With Samsung's software adding some adaptive tuning and brightness controls based on the app and content you're looking at, you may not be getting the most accurate picture but you're certainly getting a beautiful one. If you choose to turn off the adaptive software controls it mellows things out a bit, but it's still worthy of praise in either case.
I'm hard pressed to find a single flaw in the Note 4's display, but the one minuscule gripe I have is that in very low light situations when you have the brightness all the way down the screen tends to look a bit blue. That's something that often comes with the territory when you use an AMOLED panel, and thankfully color reproduction is great in all other situations, but it's something you notice in that very specific situation.
But that's like criticizing one subpar brush stroke on a work of art — there's still no reason to say that this display is anything but the absolute pinnacle of what's available in a phone today. I put it right up along the LG G3, with the tiebreaker being your personal choice on LCD versus AMOLED. But even that choice is a tough one, as Samsung is doing some very interesting things with the AMOLED technology that it has refined over the years.
Full disclosure: For the sake of completeness, I also need to mention that my Note 4 came with a group of a couple dead pixels at the top edge of the display. Because of its size and positioning the dead spot didn't change my daily use, but it may be noticeable in some pictures of the display in this review. We've reached out to Samsung for comment, and more information on its dead pixel policy. But as it stands there's no reason to assume this is indicative of an issue with all Note 4s.
For all of the praise I can heap on the Note 4's display, its speaker quality isn't worthy of such kind words. A small, fingernail-sized loudspeaker is found on the back of the phone, and a small bump in its grille keeps it lifted off whatever surface it's on. Despite that clever design choice the Note 4's one small speaker just isn't that loud, and with the huge size of this phone — presumably to be used for media watching — you expect a bit more in terms of audio.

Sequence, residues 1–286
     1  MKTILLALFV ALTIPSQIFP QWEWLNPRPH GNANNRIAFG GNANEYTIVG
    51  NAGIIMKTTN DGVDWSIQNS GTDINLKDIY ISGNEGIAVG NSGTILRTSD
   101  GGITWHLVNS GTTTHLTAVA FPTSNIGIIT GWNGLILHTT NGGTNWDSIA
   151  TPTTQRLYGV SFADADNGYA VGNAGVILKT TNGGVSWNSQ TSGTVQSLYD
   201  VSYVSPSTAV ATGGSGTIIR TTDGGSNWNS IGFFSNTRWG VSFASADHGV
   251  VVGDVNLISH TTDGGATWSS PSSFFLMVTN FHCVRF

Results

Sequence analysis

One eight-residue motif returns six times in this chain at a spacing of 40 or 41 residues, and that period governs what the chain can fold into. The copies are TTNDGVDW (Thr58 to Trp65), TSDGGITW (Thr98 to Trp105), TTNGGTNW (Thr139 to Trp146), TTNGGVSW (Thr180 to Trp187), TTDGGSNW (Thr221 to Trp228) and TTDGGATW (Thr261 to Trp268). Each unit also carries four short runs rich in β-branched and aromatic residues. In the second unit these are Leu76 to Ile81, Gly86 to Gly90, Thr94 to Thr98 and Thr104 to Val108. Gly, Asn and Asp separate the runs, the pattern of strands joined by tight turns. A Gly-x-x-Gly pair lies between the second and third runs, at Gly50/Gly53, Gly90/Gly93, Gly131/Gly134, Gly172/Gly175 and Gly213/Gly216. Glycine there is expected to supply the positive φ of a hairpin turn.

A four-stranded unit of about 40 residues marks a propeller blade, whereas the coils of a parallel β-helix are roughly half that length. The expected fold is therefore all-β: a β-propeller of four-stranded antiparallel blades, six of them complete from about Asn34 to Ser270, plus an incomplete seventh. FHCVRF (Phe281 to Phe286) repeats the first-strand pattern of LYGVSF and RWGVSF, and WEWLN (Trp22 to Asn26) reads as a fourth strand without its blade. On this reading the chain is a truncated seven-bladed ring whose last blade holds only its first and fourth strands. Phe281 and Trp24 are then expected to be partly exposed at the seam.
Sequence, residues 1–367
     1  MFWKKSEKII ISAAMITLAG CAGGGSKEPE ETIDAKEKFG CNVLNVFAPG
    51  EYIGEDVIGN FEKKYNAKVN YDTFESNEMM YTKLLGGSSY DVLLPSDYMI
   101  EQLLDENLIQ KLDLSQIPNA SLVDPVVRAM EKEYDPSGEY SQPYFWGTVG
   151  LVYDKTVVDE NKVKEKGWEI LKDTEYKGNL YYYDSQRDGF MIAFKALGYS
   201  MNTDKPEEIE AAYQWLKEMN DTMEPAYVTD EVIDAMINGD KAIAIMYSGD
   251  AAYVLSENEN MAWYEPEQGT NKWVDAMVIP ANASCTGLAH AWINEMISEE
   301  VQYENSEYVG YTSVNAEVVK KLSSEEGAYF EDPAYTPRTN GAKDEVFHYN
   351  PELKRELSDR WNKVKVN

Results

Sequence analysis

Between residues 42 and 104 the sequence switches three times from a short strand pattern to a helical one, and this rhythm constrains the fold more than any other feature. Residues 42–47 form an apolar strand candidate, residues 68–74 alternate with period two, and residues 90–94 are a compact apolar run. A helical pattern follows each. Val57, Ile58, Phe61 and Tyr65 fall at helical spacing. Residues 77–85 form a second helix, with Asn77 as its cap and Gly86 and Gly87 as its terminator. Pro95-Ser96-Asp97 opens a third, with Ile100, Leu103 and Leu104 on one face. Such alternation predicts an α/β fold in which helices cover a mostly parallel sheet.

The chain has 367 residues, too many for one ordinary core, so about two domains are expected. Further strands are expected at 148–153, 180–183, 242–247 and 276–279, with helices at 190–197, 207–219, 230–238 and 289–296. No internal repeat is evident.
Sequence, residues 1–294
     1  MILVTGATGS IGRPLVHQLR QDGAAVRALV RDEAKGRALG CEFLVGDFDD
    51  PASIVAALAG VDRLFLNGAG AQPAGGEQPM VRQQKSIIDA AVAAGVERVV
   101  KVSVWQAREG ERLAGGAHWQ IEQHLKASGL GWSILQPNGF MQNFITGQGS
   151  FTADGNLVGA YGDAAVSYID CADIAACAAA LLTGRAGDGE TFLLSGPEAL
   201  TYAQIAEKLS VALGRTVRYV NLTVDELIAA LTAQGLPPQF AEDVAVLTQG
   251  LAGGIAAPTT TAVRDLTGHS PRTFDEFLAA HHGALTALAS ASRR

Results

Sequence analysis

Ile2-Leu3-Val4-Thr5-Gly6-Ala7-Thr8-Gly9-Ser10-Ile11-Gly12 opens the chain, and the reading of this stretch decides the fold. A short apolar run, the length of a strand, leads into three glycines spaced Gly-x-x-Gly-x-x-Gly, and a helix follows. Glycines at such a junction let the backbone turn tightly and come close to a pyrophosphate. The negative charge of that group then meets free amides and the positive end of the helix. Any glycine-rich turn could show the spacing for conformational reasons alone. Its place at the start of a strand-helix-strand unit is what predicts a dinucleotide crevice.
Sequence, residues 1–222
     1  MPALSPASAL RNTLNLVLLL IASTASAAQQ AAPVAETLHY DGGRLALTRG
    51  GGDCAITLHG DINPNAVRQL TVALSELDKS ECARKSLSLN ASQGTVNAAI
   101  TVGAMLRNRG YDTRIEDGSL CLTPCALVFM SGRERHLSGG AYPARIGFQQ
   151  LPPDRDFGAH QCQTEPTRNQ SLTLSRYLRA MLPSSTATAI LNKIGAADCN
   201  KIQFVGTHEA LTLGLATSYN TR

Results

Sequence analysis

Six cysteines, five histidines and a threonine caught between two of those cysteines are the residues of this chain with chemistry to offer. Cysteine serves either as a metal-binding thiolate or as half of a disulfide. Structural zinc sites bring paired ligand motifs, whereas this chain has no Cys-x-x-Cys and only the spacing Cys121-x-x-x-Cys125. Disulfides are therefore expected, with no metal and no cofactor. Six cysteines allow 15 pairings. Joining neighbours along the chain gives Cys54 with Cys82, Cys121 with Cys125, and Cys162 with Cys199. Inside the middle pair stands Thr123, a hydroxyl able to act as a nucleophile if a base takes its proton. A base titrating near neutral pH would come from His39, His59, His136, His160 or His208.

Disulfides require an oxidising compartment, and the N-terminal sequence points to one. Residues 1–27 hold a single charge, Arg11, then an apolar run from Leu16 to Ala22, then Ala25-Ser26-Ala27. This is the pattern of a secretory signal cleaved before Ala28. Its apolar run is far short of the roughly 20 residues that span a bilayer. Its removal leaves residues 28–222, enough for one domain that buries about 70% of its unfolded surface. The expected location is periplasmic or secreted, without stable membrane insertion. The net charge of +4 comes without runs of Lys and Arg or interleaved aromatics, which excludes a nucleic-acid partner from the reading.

It's more than adequate for ringtones, notifications, speakerphone calls and the like, but you won't want to watch more than a short YouTube video without plugging in some headphones. This isn't HTC's BoomSound — actually, it's not much of any sound.
Software and performance
The design we know, with tighter screws
For all the major notable changes in the Note 4 when compared to the Galaxy S5, the software on this phone is nearly identical to that on its smaller cousin. When you set the two side-by-side you do notice subtle differences, and I have to say that they're all for the better.
The notification pane has been cleaned up, with no more "S Finder" and "Quick connect" buttons gumming things up. It also drops the time to now show just the date in a larger font in the top bar, and the full layout of quick settings no longer has tacky line dividers.
The launcher changes are just as subtle, with the "home" indicator changing from the look of a house to just a house-shaped pentagon and the "Apps" shortcut losing its heavy drop shadow. The page indicators in the app drawer also lose their drop shadows, while the still horrendous-looking app folders tone down their swoopy animations.
The leftmost home screen pane is now populated with a view called "Briefing" that replaces the old "My Magazine" branding but keeps much the same functionality. Similarly to Blinkfeed on recent HTC devices, Briefing (which is still powered by Flipboard) is an aggregator of news and content for you to browse through at your leisure. It's basically just like having Flipboard embedded into your launcher for casual reading of news from top sources, and it just isn't as useful as having Google Now over on that left side. It took a few days, but after realizing that I don't use it on a regular basis I turned it off in the settings. If I want to read Flipboard, I'll just open the Flipboard app.